• If he's blinded and steps on the same space as a dead cockatrice without gloves on, then, since the player can only discover what's on a space by feel in that event, he'll become a very confused-looking statue indeed.
Player, killed by a collapsing drawbridge

There aren't really that many drawbridges in the game. There are never any before the Quest (around level 12-15), and sometimes the player won't find one until the Castle, which is quite deep into the dungeon. There's always a drawbridge on the Castle level, but many times there won't be any others.

The problem with drawbridges is that, if you're standing on the space in front of one and it opens you get squished, full stop. If you're standing on one that closes or gets destroyed you'll meet a similar end, even if you can breathe water. There are so few drawbridges in the game that discovering these deaths by trial and error means the end of very good runs, so many Nethack players come to develop an irrational fear of drawbridges, even if the actual deaths themselves are rare.

Deadly Reading

Player, committed suicide.

Sounds pretty prosaic, right? Several things a player can do in Nethack can cause direct death but have their own epitaphs, so what must players do to be considered to have explicitly committed suicide? The cause is fairly obscure.

First, get a cursed scroll of teleport, or read an uncursed one while confused. Teleport scrolls usually transport the player to another spot on the current level, but if they are read while it's cursed or he's confused the player will instead be transported to another dungeon level.

Then, obtain a means of teleport control. There aren't many ways to get this, the least risky way being to find the eponymous ring. Once worn it means, when you teleport, you get to pick where you go instead of getting sent to a random location. And if you get level-teleported, you get to pick, by entering a number, which level you go to.

Yes, you can go very deep into the dungeon instantly with just the ring and one scroll if you like, and almost reach the lowest level with but two scrolls. But consider for a moment: what does it mean to go to some numbered level of a dungeon? If you go to level "1," you are one level beneath the surface. If, on the other hand, you were in the basement of a tower and you took an elevator to the first floor, you'd then be on ground level. The riddle here is: where would be the zeroth floor?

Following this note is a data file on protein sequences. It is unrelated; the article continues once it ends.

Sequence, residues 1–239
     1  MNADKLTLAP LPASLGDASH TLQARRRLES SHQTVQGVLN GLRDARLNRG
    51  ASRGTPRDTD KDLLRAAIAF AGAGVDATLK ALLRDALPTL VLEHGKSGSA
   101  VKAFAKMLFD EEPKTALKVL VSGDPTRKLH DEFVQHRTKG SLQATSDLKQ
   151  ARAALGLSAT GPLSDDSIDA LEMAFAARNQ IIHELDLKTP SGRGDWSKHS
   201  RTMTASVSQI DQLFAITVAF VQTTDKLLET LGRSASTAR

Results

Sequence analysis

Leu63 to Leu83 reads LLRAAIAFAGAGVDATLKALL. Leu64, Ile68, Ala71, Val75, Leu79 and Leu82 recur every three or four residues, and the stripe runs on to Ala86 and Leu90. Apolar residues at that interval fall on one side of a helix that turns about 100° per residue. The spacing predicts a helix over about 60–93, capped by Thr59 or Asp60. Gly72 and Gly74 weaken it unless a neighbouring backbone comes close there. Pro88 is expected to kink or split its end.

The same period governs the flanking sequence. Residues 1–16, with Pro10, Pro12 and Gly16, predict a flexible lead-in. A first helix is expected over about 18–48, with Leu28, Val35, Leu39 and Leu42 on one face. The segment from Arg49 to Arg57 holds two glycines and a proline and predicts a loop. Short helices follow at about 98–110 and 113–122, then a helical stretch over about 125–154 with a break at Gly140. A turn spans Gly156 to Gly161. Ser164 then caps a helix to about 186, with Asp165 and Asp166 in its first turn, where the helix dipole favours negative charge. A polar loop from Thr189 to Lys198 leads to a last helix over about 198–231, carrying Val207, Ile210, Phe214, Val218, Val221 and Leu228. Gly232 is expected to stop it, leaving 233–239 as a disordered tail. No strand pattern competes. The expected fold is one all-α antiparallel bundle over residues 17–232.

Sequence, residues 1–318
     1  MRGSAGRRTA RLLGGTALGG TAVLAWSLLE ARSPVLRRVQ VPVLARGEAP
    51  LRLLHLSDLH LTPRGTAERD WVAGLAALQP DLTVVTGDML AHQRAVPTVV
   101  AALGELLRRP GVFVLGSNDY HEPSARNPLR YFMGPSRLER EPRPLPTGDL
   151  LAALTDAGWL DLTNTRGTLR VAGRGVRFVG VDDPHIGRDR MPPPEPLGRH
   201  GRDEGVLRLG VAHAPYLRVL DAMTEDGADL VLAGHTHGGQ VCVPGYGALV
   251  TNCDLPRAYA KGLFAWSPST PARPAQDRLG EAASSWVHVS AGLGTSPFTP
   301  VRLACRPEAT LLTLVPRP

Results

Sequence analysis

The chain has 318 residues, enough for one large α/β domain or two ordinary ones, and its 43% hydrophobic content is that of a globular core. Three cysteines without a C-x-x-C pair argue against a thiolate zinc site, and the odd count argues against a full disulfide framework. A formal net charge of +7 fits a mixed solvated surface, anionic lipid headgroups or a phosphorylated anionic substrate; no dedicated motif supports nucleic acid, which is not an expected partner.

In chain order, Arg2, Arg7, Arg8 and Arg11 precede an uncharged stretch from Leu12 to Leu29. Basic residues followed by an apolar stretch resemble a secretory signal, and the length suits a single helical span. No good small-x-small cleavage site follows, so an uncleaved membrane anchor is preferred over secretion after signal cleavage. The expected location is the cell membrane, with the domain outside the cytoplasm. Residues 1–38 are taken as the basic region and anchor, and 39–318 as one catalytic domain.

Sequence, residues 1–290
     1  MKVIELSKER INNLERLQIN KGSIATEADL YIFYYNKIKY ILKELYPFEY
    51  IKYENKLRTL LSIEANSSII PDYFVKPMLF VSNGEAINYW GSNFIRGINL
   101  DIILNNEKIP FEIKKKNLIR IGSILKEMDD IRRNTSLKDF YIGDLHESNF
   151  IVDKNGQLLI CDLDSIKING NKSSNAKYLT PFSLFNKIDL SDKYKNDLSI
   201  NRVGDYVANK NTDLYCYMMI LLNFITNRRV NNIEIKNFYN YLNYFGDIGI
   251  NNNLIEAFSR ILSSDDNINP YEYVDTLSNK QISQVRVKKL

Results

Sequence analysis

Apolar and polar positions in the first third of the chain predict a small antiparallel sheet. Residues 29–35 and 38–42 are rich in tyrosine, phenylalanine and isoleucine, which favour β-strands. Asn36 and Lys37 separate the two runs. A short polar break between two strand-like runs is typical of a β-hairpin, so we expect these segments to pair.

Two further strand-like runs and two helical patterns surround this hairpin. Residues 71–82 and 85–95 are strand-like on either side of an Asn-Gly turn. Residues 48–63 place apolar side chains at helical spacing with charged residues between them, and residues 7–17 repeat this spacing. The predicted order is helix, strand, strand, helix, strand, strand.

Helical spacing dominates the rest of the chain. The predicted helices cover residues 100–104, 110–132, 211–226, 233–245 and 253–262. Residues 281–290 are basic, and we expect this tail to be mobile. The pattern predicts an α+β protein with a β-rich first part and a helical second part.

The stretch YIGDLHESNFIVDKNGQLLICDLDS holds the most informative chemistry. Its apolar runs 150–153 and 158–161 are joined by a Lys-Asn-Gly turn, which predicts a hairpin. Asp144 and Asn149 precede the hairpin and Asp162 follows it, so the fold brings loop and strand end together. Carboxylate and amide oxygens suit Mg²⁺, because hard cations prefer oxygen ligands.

The proper answer is "nowhere," and if, when asked what level to be magically teleported to, you answer "0," the answering prompt should be more than enough warning:

Go to Nowhere. Are you sure? [ynq] (q)

If you say "y," the result is:
You scream in agony as your body begins to warp... You cease to exist. Your possessions land on the floor with a thud.

Why this lurid fate is masked on the score list with "committed suicide" is anyone's guess.

Player, teleported out of the dungeon and fell to his death.

If, to the above prompt, you answered a negative number (that is, some level above the surface):

You are now high above the clouds... Unfortunately, you don't know how to fly. You plummet a few thousand feet to your death.

If you're a monster who can fly the result is different:
You are now high above the clouds... you fly down to the ground.